From The Union Leader
New Hampshire's Daily Newspaper
Manchester, N.H., January 12, 1989
By Werner Erhard
The height of the traditional famine season in Ethiopia has come and
gone. Yet in a year in which the devastation of drought and war have
left millions without a harvest, there has been no mass starvation, no
horror pictures like those which shocked the world in 1985. This year,
thanks to an extraordinary cooperative effort of governments, private
voluntary organizations and the Ethiopian people, there will be no
For most people, the news of this remarkable accomplishment comes as
a surprise. There have been reports of war, corruption, failure and
occasional breakdowns in the relief operation. But little has been heard
about the thousands of times the operation worked. The focus on
isolated incidents rather than on the whole picture has dramatically
distorted the public perception of the situation.
In the ordinary course of events it is easy to assume that
geopolitics and political ideology form a barrier to effective humanitarian
assistance. Here, the United States, the U.S.S.R., Ethiopia and many
others, working under the leadership of the United Nations, managed to
pull together in spite of their very real differences, not merely to react
to a widely publicized disaster as they have before, but to keep the
disaster from happening in the first place.
Our images of the Ethiopian people also fail to reflect reality. We think
about the people of Ethiopia in terms of the television pictures of 1985:
pathetic, helpless victims, sitting on barren plain, waiting for rescue or
death. We certainly don't see them as the key players in the relief
effort - the people who carry the lion's share of the burden for the
campaign to avert the famine. The women, children and men of Ethiopia
- the people whose lives are at risk - are people whose courage, hard
work and determination to stay on their land, to care for their families,
to make it through the lean times, are virtually unknown to us.
We often talk about learning lessons from our failures, but equally
important is the need to learn from our successes. Most of us cloak
ourselves in a sophisticated air of resignation called "hard realism" which
does not allow us to see a future better than the present. What is
happening this year in Ethiopia is something we can learn from - a
demonstration that even in a situation perceived by many as hopeless,
genuine accomplishment is possible.
Ethiopia's problems are by no means over. Its government is far from a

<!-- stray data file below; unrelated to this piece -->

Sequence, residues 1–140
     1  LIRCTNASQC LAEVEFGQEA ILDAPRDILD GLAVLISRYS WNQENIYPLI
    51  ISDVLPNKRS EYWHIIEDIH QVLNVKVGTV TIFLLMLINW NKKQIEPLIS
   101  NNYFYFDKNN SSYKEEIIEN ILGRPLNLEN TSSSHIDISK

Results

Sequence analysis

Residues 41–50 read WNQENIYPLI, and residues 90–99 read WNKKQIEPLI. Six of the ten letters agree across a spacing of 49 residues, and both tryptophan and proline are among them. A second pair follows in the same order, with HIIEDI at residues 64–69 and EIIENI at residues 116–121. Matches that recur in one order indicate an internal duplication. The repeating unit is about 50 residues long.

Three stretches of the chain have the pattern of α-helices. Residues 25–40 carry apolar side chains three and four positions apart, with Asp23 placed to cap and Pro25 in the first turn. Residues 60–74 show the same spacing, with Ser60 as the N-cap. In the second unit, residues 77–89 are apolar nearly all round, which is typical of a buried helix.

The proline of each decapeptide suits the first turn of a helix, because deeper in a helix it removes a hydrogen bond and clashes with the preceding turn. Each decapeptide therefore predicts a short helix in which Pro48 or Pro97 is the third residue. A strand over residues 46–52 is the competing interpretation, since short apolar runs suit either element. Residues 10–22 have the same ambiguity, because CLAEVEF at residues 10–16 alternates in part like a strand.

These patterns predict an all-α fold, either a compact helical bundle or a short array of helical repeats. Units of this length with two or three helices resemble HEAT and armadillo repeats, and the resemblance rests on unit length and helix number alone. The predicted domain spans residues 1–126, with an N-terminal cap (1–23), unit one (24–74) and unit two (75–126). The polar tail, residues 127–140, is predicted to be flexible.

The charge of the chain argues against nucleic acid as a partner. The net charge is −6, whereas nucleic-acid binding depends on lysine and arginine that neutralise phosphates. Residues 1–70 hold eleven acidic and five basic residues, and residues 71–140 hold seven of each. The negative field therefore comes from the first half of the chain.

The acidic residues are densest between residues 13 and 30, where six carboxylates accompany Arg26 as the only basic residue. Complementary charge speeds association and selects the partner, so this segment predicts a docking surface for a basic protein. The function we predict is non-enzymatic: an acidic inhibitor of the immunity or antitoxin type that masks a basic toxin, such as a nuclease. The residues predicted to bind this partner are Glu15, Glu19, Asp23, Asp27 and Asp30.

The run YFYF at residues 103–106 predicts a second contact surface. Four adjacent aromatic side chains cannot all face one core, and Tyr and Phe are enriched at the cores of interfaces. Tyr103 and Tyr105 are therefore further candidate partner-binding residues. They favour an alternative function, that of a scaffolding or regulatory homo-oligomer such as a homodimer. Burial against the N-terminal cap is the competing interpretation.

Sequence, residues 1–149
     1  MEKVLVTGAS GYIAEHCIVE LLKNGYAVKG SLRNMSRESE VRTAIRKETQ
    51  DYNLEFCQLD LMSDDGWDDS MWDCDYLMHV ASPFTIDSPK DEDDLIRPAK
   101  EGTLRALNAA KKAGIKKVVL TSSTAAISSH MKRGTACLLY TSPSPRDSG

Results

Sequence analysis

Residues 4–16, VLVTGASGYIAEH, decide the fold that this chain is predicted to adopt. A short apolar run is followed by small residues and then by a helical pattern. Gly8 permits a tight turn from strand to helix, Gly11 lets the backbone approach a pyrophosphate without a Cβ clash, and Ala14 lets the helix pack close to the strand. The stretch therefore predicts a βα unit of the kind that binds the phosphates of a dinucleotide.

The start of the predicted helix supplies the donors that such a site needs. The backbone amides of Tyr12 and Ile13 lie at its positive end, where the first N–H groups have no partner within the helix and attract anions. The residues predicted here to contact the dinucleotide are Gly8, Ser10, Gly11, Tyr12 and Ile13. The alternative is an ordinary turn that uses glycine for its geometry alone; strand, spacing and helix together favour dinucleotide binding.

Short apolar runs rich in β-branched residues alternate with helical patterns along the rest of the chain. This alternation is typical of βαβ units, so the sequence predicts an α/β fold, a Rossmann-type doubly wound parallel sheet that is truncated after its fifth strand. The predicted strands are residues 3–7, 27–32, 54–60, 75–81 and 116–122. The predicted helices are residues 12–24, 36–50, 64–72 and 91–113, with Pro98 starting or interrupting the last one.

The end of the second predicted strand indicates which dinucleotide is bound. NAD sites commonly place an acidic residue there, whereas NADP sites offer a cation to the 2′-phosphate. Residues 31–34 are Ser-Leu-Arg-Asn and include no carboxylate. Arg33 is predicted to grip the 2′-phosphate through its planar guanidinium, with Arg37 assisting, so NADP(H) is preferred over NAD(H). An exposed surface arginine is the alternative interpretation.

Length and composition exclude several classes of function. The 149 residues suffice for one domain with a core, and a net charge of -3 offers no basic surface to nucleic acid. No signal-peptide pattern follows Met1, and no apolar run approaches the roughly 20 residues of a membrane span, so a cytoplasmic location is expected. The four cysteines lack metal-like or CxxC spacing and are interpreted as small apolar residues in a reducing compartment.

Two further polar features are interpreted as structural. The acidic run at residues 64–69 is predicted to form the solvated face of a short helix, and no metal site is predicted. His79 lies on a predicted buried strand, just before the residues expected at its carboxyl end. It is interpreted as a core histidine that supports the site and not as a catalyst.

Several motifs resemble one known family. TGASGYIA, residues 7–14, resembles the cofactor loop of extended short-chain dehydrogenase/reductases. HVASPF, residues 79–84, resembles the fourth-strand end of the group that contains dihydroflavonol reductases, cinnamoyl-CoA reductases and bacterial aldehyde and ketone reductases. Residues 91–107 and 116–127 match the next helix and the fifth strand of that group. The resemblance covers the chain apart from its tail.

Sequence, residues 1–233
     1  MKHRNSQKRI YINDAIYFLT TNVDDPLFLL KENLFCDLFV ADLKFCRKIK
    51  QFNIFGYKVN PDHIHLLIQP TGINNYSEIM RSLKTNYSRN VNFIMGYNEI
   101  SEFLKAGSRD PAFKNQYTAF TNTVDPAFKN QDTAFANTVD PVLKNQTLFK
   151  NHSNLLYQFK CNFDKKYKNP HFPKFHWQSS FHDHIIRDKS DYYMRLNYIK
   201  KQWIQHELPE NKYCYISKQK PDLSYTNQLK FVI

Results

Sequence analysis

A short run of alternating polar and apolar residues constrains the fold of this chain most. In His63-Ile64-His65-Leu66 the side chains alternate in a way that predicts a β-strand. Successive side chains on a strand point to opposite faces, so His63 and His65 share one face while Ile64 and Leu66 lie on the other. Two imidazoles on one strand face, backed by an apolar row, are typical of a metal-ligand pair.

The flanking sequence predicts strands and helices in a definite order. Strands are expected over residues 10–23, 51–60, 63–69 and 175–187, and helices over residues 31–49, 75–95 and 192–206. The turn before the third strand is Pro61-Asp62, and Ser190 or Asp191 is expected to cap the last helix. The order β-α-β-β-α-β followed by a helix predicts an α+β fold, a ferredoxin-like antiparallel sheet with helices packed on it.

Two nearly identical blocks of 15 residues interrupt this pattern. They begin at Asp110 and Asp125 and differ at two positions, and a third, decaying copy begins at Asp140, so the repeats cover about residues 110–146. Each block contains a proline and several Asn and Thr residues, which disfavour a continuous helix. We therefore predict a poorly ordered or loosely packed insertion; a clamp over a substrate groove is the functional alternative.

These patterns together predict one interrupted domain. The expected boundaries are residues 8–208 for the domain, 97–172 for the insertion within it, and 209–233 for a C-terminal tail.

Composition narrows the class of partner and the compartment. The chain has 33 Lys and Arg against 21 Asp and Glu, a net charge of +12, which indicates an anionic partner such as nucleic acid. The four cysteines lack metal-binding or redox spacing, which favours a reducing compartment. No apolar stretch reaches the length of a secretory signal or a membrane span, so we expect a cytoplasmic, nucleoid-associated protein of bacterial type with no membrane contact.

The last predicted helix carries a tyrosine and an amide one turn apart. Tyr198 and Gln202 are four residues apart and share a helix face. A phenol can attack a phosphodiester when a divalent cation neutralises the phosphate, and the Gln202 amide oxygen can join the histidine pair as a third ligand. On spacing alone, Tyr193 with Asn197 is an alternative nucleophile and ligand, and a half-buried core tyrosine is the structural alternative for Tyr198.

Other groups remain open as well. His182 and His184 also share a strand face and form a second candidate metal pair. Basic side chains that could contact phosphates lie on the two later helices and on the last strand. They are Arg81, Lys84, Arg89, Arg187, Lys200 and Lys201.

model of openness and reform. It remains embroiled in two protracted
civil wars. Even when harvests are good, Ethiopia faces substantial
food deficits. It remains one of the poorest countries in the world, a
place where the persistence of chronic hunger keeps people weak,
productivity low, and vulnerability to famine high. And now it must also
deal with a new tide of refugees from Sudan and Somalia coming into
the country at a rate of nearly 2,000 per day.
While the picture is far from rosy, some promising developments are
- The lessons of the last year are being applied as governments and
organizations gear up to meet the new refugee situation before it
becomes a spectacle of death.
- The Ethiopian government is confronting the need to make the
country "famine resistant," seeking support for a nationwide program of
food banks, transportation, rainfall and crop monitoring and
labor-intensive projects to build irrigation systems and dams.
- Even more important in the long term, small but real first steps are
being taken on the difficult road of agricultural and economic reform.
Nothing will really happen, however, unless there is a demand, and
demand for action is generated when people can see both the need to
intervene and the chance for a successful outcome. Governments now
respond very effectively to famine, because pictures of starving
children call forth massive support for quick action. Yet when it comes
to development, to addressing the much more complex and frustrating
problems of chronic hunger and poverty, they remain mired in the mud,
with no sense that anything can be done to actually get things
When we realize what we have accomplished and are accomplishing, we
begin to see new possibilities - new ways to get things done in
situations we previously considered with a sense of helplessness, of
resignation to the "hard realities."
Even knowing that we do not have all
answers, we are stirred to act.
It is then that movement begins, that priorities get shifted and
resources reallocated. It is then that our actions go beyond the mere
ceremonial, the making of "politically correct" gestures and become
forward motion toward real solutions. For people committed to ending
the needless persistence of hunger worldwide, the remarkable
accomplishment of averting the famine in Ethiopia in 1988 can bring
that reality one step closer.